jail fever

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jail fever

n
(Pathology) a former name for typhus, once a common disease in jails
Collins English Dictionary – Complete and Unabridged, 12th Edition 2014 © HarperCollins Publishers 1991, 1994, 1998, 2000, 2003, 2006, 2007, 2009, 2011, 2014
References in periodicals archive ?
Body lice may carry disease such as epidemic typhus, relapsing fever, and trench fever or endocarditis.
The human body louse (Pediculus humanis humanis) can transmit Ricketsia prowasekii, a bacterium that causes epidemic typhus. Epidemic typhus has occurred when populations have been disrupted or concentrated by famine or floods and the attendant insanitary conditions (14 Encyclopedia Britannica, pp.
Rickettsia prowazekii, an obligate intracellular bacterium and the cause of louse-borne epidemic typhus in humans, multiplies within the cytoplasm of its host cells.
[11] Raoult et al., [12] in Burundi during a field study, reported epidemic typhus in 75% of clinically suspected cases in refugee camps.
The Serbian medical corps, together with the help of foreign medical missions from Russia, Great Britain, the United States of America, France, Greece, Canada, the Netherlands, Denmark and many other countries that responded to the desperate pleas of the Serbian government, which was powerless in the face of the humanitarian disaster, successfully defeated epidemic typhus in Serbia by the end of August in 1915.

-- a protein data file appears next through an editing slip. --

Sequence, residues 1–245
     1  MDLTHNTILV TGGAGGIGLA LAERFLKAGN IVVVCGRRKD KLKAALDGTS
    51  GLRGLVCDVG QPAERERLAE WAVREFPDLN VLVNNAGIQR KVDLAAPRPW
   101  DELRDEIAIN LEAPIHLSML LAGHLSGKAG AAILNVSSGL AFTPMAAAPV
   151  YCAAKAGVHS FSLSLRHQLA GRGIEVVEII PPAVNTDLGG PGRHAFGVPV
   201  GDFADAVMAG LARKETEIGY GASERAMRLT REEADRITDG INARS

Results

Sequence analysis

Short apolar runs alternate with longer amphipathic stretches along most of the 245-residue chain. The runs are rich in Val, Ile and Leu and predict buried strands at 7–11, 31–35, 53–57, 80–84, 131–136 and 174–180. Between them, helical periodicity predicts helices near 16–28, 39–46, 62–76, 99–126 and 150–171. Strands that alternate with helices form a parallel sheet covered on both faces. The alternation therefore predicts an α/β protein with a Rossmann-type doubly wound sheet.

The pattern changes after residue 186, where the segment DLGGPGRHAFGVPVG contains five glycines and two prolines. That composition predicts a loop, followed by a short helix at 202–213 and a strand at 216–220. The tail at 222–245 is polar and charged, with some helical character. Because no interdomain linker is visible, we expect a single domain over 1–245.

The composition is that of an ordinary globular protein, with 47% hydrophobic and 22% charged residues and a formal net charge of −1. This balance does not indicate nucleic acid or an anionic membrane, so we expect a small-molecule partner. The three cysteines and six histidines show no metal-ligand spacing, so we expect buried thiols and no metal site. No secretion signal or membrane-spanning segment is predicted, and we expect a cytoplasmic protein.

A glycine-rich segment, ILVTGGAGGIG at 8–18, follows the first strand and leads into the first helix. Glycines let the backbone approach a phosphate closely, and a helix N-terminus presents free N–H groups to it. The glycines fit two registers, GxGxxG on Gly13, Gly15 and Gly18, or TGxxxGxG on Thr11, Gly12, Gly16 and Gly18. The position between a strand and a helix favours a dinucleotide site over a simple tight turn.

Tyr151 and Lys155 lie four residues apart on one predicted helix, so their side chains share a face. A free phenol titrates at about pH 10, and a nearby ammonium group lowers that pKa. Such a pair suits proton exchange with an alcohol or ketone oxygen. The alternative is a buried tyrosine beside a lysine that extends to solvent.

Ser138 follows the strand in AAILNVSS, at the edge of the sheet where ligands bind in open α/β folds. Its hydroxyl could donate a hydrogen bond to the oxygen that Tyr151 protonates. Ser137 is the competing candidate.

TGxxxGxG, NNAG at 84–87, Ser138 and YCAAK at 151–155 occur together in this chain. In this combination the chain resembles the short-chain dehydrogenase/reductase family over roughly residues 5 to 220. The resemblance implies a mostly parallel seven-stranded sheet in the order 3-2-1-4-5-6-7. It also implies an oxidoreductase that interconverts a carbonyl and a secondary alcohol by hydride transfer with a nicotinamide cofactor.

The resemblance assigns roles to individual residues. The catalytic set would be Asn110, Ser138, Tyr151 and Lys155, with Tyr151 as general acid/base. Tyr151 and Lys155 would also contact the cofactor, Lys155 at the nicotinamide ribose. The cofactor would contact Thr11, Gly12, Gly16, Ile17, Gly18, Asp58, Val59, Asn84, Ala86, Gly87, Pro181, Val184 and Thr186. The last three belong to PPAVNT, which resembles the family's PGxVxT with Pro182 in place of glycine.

Examples of disease outbreaks observed in such situations include malaria (transmitted by Anopheles mosquitoes), epidemic typhus (transmitted by lice) and dengue fever (transmitted by Aedes mosquitoes).
military asked USDA to support the war effort by developing products to protect personnel from insect-transmitted diseases, especially plague, malaria, scrub typhus, epidemic typhus, and dengue.
typhi, the sensitivity and specificity obtained by immunoperoxidase assay for the serodiagnosis of scrub typhus, epidemic typhus, and MSF (Mediterranean spotted fever) is similar to those obtained by IFA17.
Epidemic typhus, a rodent zoonosis transmitted to man by dermal, mucosal, or inhalational inoculation with Rickettsia prowazekii-contaminated feces from infected body lice (Pediculus humanus corporis) has plagued armies and refugees for centuries.
So too are the genomes of the bacterial pathogens that the body louse transmits to its human hosts: Rickettsia prowazekii (which causes epidemic typhus), Borrelia recurrentis (the agent of relapsing fever) and Bartonella quintana (which causes trench fever).